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Inside an iron lung

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Rotarian builds his own iron lung replica to teach a new generation about polio

Roger Frank wants to inspire people to donate to polio eradication. 

Dispatched to Ghana with a fellow British Rotarian to scout club service opportunities, Roger Frank hadn’t planned their visit to coincide with National Immunization Days, but the pair – Frank and Dr. Carl Hallam – jumped, unhesitating, into the thick of inoculations. During a four-day stretch in October 2015, nearly 2,000 children in the area were protected from poliomyelitis. The effort galvanized Frank, who brainstormed for a way to do even more at home: How could he promote polio eradication when few of his countrymen gave much thought to the scourge?

Recalling the fear that gripped the UK, the U.S., and elsewhere during the height of the polio epidemic in the early 1950s, Frank, a past president of the Rotary Club of Upper Eden, thought of the iron lung, a device largely relegated to museums and history books. The lifesaving mechanical respirator was a potent, if depressing, symbol of the debilitating disease. An iron lung, Frank reasoned, would educate younger generations who grew up free of the fear created by polio, a virus that is spread easily, during the 20th century.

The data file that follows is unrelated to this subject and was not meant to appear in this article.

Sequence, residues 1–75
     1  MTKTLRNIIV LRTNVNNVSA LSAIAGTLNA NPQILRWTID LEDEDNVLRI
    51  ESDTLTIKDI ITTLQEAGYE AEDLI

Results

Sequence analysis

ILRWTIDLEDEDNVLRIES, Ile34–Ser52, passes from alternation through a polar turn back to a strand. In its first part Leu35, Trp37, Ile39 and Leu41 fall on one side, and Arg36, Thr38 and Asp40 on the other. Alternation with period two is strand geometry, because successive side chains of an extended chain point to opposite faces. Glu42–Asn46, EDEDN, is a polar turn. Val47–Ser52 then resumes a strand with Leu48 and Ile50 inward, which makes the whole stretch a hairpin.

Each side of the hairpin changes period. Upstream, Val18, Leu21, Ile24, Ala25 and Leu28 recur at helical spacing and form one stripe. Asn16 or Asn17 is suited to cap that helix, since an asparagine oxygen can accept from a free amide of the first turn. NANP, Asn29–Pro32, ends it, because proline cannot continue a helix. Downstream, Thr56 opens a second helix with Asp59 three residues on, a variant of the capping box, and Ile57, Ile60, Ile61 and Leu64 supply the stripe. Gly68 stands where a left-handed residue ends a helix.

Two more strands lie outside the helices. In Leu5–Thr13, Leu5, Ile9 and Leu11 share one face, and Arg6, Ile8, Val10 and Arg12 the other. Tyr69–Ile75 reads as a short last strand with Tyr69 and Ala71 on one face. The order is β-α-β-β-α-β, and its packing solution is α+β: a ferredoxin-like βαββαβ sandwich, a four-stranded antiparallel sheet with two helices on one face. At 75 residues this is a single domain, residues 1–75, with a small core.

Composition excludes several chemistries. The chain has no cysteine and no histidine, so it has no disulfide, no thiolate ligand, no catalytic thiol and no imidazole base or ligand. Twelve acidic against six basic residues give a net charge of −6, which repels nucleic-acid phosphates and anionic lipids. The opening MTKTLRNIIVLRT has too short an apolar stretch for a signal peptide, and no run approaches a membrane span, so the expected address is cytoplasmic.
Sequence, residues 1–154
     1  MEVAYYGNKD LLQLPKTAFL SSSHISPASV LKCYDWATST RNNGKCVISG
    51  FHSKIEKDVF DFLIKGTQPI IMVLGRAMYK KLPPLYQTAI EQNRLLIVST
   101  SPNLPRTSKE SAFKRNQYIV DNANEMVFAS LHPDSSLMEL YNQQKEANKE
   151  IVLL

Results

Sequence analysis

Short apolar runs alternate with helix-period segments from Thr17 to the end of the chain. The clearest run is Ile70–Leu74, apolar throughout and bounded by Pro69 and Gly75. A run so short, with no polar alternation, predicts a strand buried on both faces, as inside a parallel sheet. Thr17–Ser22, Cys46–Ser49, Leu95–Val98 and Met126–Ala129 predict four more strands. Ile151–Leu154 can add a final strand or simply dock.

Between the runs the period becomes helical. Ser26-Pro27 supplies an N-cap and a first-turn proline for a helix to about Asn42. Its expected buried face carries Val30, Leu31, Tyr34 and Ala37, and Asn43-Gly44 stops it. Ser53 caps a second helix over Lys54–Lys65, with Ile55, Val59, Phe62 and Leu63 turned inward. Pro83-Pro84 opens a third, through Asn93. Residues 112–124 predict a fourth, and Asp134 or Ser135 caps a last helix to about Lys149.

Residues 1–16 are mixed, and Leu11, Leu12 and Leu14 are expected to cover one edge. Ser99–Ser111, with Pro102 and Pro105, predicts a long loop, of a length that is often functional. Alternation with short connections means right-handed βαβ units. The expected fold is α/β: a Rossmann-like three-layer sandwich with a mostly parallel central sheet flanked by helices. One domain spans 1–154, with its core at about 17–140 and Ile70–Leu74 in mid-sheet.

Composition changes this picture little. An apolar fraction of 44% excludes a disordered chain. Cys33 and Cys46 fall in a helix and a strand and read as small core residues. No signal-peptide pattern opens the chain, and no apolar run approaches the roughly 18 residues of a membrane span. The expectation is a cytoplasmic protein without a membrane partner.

He hoped to borrow a model to put on tour to serve as a reminder that the polio fight remains unfinished. “I spent the last three months of 2015 looking for an iron lung in hospitals, etc.,” says Frank, 65. “I had hoped to source an original unit, but they have all been scrapped and those that remain are in museums, and they would not part with them. Being fully committed to the project, I had no other option than to build an iron lung myself. 

“This proved quite a challenge,” even for a retired mechanical engineer and self-described “nut and bolt man,” particularly after he resolved that only a fully functioning machine would do. “I learned many years ago that the dafter the project, the easier it is to get good publicity for the cause,” he quips.